In the past two years, more than 2 lakh books have been sent to Prerna Book Banks, which has racked up 4,500 members.
MEERUT: Amita Sharma, 32, comes from a rural part of Modinagar, 25 km from Meerut. A postgraduate degree holder, for years she was concerned about children who had the aptitude and talent but no access to books.
One day in 2016, in collaboration with her husband, she decided to do something about it. The couple’s free library project for the underprivileged — Prerna Book Banks — has now expanded to four states and covers more than 40 rural areas. They have a small army of volunteers.
The movement began two years ago, when Amita discussed the matter with her husband Sanjay, 35.
“I still remember when we used to walk more than 2km to attend school. So many poor children would watch us with eyes full of longing to own a bag full of books. We couldn’t do anything for them then, but now we can,” Amita said.
“Amita and I visit schools and colleges and encourage students to give away books they no longer need. The services are completely free,” Sanjay said.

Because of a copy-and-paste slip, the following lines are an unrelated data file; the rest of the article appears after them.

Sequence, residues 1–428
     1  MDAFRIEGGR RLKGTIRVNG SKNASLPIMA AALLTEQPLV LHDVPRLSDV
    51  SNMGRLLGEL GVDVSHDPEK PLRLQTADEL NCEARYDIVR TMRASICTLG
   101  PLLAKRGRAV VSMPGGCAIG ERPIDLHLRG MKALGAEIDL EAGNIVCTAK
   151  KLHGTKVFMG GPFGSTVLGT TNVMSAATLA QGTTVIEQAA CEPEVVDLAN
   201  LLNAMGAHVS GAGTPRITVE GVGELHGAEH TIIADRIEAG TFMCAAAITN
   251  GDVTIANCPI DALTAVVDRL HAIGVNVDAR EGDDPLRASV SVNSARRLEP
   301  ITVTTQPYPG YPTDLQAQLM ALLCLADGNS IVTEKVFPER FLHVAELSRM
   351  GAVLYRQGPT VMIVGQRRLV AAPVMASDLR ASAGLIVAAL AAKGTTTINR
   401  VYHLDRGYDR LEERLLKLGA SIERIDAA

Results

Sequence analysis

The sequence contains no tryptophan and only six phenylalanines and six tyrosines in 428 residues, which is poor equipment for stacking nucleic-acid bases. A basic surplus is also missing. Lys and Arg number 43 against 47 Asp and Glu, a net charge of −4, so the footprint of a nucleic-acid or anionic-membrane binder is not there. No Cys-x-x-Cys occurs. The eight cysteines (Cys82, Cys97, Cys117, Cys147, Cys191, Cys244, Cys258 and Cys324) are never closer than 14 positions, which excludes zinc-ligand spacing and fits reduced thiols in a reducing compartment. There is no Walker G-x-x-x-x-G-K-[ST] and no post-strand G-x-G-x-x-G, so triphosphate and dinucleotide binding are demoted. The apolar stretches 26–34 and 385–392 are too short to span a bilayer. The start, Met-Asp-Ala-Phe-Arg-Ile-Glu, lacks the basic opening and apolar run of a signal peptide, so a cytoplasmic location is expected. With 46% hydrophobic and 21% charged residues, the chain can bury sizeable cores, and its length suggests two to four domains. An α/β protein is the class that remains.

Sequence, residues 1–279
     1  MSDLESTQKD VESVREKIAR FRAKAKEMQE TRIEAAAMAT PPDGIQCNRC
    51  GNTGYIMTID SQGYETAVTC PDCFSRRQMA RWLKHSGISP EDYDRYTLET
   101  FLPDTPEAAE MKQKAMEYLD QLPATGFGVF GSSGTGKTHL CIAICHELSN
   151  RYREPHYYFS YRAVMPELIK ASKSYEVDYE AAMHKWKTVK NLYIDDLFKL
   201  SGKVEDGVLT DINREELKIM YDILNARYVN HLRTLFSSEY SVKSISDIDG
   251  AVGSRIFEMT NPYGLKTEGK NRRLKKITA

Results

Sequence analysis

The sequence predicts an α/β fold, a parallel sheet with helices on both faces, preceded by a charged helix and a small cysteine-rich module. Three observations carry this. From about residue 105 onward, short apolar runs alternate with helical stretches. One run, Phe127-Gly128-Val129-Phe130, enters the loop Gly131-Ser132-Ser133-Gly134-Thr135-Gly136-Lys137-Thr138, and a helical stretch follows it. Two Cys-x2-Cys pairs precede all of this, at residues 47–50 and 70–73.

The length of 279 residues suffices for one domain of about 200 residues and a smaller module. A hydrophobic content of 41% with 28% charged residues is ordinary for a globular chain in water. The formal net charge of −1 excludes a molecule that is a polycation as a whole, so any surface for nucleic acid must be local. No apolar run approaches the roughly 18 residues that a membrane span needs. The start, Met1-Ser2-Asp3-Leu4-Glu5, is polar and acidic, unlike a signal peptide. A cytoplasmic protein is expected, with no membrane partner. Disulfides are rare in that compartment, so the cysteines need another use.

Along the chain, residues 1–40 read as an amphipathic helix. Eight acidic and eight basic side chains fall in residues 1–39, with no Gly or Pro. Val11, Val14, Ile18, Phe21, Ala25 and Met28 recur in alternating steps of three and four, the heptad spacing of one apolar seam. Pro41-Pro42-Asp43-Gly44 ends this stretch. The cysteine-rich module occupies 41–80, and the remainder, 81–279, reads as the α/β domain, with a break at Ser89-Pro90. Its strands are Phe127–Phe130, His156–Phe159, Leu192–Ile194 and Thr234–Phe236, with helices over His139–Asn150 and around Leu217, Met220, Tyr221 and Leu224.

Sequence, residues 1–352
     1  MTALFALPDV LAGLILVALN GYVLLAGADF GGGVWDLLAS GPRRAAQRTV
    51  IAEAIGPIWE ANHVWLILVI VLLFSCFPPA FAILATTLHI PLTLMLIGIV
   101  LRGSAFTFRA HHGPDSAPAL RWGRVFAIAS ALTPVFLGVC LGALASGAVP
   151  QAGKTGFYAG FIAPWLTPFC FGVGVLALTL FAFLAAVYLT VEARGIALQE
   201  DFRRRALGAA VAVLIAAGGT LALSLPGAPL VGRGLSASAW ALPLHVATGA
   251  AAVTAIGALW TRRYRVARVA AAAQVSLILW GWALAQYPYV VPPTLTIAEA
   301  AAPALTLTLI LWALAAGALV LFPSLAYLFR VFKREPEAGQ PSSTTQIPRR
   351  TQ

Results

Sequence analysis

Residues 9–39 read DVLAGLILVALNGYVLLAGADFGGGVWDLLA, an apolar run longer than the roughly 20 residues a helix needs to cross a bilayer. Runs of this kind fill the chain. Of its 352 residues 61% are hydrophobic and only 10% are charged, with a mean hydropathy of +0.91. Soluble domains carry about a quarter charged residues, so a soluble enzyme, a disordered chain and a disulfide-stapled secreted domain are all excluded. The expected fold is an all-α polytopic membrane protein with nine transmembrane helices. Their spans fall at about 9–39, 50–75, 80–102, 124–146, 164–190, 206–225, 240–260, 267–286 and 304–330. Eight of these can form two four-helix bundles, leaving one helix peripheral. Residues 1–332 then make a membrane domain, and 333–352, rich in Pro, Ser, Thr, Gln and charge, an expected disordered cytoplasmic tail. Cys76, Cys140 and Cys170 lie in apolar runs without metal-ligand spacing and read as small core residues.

The endeavour had few takers initially. “It was a novel concept and people were reluctant to be a part of it,” Sanjay added.
Lending out space for something as insignificant to them as a library was not accepted easily. Gradually volunteers — majority of them women and young girls — came forward to shoulder the responsibility. Change came sooner than they thought.
Vandana Tyagi, a 19-year-old BA student from Nagla Khu village in Modinagar, said, “The day Sanjay bhaiyya and Amita didi came to our village and proposed a library a year ago, I was thrilled and volunteered to help.”
For Vishakha Devi, 35, a housewife in Patla (Ghaziabad), her life has a purpose now. “I am a triple MA and today my education is being used for something. When this concept was communicated to us, we gave one room for the library. Gradually children began coming and today we have around 70 kids with us,” she said as Kumari Arzoo, 15, a member of the library and student of class IX, smiled. “I like coming here,” she said.
Jagbeer Singh of Nagla Khu village told TOI, “Initially we were reluctant, but now we understand how fruitful this can be.”
In the last two years, more than 2 lakh books have been sent to Prerna Book Banks, which has 4,500 members. As of now, Ghaziabad has 15 libraries, Meerut (8), Uttarakhand (3), Delhi (4) and Haryana (1)
Sandeep Rai| TNN | Nov 27, 2018